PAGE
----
There is something intriguing about royalty – and a royal marriage. It's as if something within all of us longs to be royal. Did you know that God says we are royalty? "You are a chosen people, a royal priesthood, a holy nation, God's special possession, that you may declare the praises of him who called you out of darkness into his wonderful light" (1 Peter 2:9).
God has put in the heart of every little girl to be a princess. She dresses up, talks about it, even dreams about it. As a woman, she wants to be first in the heart of her prince. She wants to be loved and treasured like a princess.
A little boy wants to be the hero, defending the fort and saving others from danger. As a man, he wants to be the prince, the hero that his princess admires and respects. He is designed by God to be a man of honor, one who is responsible to provide and care for his princess.
The wedding ceremony is a great picture of the prince and the princess dynamic – the love and respect is evident, and it is beautiful. But what often happens in that first year is that he isn't as loving as she expected or needed him to be. And she often stops treating her prince with the respect that he needs. She needs to be loved, to be his princess; he needs to be respected, to be her prince. When this dynamic breaks down, the relationship gets crazy.
In my book, The Language of Love and Respect, I talk about the concept of wanting to be treated as a prince and a princess. "The man with basic goodwill wants to serve his wife, and he would even die for her. When his wife shows him unconditional respect, in most cases he will feel like a prince and be motivated to show her the kind of unconditional love she desires. She is a princess who is loved." (p. 18)
In a safe and secure kingdom (even when that kingdom is a home), its people thrive. Effective kingdom leaders demonstrate benevolent goodwill to the people. In marriage, the importance of goodwill is just as important.
One key to making your relationship safe and secure is to demonstrate benevolent goodwill toward your mate – to believe he or she has good intentions, to expect the best of the other person. Even when your mate messes up, you can choose to believe in the goodwill of your spouse.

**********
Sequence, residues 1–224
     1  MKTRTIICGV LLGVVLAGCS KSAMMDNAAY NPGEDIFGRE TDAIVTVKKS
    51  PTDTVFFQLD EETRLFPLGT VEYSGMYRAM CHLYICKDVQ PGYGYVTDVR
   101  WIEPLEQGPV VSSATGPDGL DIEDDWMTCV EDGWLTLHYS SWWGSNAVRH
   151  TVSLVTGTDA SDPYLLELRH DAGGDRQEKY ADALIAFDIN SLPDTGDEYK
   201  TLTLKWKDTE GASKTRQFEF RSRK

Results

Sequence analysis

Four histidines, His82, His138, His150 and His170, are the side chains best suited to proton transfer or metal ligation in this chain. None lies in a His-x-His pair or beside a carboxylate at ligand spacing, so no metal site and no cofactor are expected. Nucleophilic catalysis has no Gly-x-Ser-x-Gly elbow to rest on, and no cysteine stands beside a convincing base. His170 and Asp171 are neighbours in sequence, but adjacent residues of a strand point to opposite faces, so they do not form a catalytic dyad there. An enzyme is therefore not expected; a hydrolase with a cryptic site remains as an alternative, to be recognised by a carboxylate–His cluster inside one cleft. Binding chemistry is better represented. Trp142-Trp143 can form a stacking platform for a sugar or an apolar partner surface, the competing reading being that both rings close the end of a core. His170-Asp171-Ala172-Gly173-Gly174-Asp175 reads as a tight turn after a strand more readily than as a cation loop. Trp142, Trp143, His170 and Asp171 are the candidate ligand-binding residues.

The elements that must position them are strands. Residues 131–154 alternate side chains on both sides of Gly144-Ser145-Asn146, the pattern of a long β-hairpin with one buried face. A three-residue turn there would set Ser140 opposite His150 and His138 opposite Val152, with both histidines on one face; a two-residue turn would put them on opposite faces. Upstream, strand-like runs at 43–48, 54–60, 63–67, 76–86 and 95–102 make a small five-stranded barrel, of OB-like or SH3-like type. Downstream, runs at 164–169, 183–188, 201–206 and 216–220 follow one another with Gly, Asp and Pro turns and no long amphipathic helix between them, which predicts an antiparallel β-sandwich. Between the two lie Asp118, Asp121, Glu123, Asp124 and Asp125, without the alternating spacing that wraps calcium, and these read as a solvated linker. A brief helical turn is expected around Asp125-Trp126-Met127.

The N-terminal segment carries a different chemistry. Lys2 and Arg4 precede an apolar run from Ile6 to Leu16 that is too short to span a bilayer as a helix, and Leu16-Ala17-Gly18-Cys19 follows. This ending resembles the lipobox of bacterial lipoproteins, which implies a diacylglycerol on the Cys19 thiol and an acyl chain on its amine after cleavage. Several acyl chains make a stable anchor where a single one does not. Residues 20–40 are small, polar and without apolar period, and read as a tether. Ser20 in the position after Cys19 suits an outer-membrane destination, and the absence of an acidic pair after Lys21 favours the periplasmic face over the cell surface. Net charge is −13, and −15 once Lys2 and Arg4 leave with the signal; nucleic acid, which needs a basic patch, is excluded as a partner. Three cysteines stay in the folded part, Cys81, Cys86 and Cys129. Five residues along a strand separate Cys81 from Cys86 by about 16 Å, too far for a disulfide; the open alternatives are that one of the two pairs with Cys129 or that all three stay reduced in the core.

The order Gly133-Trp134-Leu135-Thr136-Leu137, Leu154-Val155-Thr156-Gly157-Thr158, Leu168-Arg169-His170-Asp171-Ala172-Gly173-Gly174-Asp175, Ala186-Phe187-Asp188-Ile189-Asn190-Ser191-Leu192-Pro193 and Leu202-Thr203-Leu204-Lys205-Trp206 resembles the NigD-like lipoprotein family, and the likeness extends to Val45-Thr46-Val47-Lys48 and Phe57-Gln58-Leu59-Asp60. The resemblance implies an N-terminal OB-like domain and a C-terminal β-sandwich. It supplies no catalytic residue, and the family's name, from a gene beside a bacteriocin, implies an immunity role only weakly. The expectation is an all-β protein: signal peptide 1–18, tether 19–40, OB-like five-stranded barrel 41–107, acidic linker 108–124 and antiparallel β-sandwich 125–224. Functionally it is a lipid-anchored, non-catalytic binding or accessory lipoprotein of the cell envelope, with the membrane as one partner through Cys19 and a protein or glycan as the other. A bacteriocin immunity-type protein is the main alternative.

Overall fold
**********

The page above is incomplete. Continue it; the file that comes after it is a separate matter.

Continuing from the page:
Unfortunately, what often happens when you feel unloved or disrespected is that you start predicting and judging the other person's motives. Research shows that successful couples don't make condemning judgments about the other; they choose to trust their mate's intentions.
Once a couple decides to see each other as good-willed people, it changes their perspective and the filter through which they view their relationship. "Good-willed" doesn't mean we'll do good all the time; it just means that the intentions are good.
Matthew 26:41 says it well: "The spirit is willing, but the flesh is weak". Since a man and a woman naturally view conflict differently, they too often judge each other. During those times when your spouse is frustrating you, you can still believe in your mate's goodwill, respond accordingly and treat each other as teammates, partners, even allies.
Though the differences between men and women are part of the relationship challenge, God intended it to be this way. Women and men simply have different filters through which they experience life. She sees through pink sunglasses, hears with pink hearing aids and speaks through a pink megaphone. He sees through blue sunglasses, hears with blue hearing aids and speaks through a blue megaphone.
Yet, when blue blends with pink, it becomes purple, God's color – the color of royalty. He made us male and female to reflect His image, and as we love and respect each other, we create that purple, blending together as one to reflect the very image of God. When we understand this, we can begin to value our prince and our princess as God does, and we can trust that this is a truly magnificent design.
Even as allies you'll have moments of conflict. But whether it's a disagreement over sex or taking out the trash, each of you can rehearse what you know to be true: He's a good-willed man; she's seeing the situation through princess-pink glasses. He's not wrong; she's just different. We are friends; we are allies. Then, by going to God during conflict, we can discern His answer, what His royal purple, is. When we do this, we find the heart of God.
Though the prince and princess of the movies tend to be perfect, you're married to an imperfect person. So how do you show unconditional love and respect when your spouse is so obviously imperfect? Unconditional means there is no condition or circumstance or situation that would cause him to be hostile (the opposite of love) or cause her to show contempt (the opposite of respect). It is choosing to show your princess a loving attitude, or your prince a respectful attitude, regardless of the weaknesses of the flesh.
It's not always easy, but we must avoid passing condemning judgment on our spouse. Judas and Peter both denied Jesus. Jesus saw Peter as having a willing spirit but weak flesh, so He never passed judgment on Peter. If you're married to a man like Peter, don't see him as a Judas. How does the Lord see your husband or wife? He's a prince, a co-heir with Christ. As a child of God, he is royalty. As a child of God, she is royalty.
Seeing each other as God sees us, as His prince and princess, will cause us to treat each other differently. God has an unconditional commitment to loving us, and so should we. That's part of maintaining a peace-filled, good-willed kingdom – and a royal marriage.
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